A former Pencaitland resident and founder of the village’s lecture society played a key role in getting recognition for the part played by the Land Girls during the Second World War.
Historian Mona Lewis McLeod (89), who now lives in Edinburgh, outlined her story to fellow members of the East Lothian Antiquarian Society at the first lecture of their winter programme at the John Gray Centre, Haddington, reently.
She described her experiences as the lone Land Army girl on a farm in Galloway during the war.
Last month the thousands of women who formed the Women’s Land Army in Scotland finally won recognition for their endeavours when a memorial in their honour was unveiled by the Prince of Wales.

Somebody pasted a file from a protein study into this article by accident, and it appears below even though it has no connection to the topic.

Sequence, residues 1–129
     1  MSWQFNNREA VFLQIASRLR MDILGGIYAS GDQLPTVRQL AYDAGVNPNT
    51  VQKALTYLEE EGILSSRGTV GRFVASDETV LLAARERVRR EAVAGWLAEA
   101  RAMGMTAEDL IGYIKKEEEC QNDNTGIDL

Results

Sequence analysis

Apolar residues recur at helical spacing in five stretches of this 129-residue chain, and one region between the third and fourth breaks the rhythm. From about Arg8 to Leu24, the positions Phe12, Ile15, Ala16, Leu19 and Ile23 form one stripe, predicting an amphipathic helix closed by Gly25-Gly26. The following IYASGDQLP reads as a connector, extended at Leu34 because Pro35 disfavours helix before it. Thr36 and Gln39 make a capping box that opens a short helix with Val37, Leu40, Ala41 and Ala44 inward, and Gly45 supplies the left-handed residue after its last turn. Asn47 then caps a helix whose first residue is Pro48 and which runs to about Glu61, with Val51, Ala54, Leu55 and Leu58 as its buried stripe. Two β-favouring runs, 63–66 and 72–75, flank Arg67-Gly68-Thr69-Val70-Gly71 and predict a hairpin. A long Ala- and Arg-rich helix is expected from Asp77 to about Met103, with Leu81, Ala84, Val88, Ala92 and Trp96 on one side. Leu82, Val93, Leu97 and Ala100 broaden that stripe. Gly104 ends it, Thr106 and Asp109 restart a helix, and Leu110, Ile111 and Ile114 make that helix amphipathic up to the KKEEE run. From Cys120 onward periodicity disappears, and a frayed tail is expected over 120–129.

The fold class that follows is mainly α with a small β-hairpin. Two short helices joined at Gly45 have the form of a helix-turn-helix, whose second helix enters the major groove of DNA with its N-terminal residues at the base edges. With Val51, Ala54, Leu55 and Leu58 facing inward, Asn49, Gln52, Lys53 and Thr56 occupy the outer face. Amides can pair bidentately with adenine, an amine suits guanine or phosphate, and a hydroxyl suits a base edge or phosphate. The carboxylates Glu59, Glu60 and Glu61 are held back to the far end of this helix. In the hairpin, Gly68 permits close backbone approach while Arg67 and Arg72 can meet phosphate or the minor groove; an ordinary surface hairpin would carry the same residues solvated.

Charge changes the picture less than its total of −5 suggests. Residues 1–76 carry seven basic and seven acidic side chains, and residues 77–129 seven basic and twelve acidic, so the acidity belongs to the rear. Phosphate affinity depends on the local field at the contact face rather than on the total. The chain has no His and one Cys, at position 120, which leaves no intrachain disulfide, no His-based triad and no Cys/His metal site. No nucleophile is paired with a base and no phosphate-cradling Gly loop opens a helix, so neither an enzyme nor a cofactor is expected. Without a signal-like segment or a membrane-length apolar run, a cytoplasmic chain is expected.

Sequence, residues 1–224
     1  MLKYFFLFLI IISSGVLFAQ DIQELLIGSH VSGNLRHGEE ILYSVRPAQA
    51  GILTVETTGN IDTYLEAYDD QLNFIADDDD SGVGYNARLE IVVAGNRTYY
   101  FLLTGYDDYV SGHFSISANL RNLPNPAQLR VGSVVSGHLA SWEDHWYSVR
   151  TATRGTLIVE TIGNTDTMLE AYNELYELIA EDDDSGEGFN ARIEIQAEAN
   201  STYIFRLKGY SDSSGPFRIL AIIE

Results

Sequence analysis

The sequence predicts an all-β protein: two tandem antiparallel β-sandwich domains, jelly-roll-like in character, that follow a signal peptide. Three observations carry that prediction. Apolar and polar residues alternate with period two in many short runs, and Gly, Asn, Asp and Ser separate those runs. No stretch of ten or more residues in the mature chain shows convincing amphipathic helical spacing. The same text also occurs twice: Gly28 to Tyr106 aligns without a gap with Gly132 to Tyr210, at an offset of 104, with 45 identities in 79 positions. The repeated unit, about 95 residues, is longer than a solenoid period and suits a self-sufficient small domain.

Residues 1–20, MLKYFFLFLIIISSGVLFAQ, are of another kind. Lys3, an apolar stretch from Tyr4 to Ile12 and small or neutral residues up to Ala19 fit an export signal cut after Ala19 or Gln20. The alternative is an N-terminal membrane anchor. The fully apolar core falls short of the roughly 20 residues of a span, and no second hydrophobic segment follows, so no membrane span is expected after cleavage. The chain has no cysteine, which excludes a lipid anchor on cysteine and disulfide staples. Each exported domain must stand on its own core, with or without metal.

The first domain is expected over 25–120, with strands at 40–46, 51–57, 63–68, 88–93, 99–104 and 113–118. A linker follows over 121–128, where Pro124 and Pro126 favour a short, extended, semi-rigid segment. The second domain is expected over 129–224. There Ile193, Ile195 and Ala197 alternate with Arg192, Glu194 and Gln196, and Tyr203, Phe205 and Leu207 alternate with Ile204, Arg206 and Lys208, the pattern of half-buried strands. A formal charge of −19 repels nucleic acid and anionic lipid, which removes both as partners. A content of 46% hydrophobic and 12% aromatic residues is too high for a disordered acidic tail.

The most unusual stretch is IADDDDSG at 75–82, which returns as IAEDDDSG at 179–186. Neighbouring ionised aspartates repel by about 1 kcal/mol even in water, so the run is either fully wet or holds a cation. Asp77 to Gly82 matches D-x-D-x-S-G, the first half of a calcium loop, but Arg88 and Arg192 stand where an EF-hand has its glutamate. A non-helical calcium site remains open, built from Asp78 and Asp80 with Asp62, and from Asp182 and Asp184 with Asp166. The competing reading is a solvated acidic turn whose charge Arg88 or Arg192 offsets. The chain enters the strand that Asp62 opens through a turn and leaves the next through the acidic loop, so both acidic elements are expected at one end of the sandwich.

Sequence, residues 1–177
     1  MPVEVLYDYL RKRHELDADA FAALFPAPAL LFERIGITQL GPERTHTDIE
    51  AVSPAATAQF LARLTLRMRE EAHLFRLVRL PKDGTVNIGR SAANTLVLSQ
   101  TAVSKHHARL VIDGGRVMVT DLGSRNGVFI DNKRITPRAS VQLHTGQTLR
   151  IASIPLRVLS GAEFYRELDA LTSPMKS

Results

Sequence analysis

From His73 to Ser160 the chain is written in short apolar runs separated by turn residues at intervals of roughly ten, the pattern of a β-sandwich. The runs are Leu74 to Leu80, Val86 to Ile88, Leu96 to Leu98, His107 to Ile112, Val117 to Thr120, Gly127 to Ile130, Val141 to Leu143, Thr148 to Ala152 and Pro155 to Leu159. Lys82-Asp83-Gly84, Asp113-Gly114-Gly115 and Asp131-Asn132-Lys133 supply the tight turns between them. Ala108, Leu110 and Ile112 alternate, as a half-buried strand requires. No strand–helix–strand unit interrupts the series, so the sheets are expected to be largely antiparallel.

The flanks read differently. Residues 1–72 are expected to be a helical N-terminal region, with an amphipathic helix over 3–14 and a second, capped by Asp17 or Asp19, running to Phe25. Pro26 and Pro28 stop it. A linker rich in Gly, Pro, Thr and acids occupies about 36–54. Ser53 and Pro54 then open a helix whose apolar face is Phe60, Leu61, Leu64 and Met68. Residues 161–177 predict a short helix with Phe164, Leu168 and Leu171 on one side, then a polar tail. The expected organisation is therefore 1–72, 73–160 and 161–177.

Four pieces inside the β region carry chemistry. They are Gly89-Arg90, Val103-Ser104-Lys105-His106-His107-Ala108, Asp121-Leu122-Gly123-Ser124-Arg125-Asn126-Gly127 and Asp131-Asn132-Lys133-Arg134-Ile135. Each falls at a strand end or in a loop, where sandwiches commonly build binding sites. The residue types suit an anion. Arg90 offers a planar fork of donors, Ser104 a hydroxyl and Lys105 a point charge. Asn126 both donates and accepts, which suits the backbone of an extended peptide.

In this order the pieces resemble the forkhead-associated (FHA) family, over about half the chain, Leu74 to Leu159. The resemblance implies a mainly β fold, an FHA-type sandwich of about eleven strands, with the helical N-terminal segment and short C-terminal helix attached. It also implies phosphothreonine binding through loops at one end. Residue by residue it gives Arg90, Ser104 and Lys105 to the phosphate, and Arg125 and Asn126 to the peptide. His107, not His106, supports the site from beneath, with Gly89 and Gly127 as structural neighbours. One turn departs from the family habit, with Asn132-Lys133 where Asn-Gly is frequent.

The memorial, by Yorkshire artist Peter Naylor, has been erected by Clochan on the Fochabers Estate in Moray as a lasting tribute to the Land Girls, who were enlisted during the Second World War to work on the country’s farms as Nazi raids on supply ships threatened to bring Britain to its knees.
Mrs McLeod is a member of the Land Army Memorial Scotland Trust which was formed three years ago to raise funds for the memorial.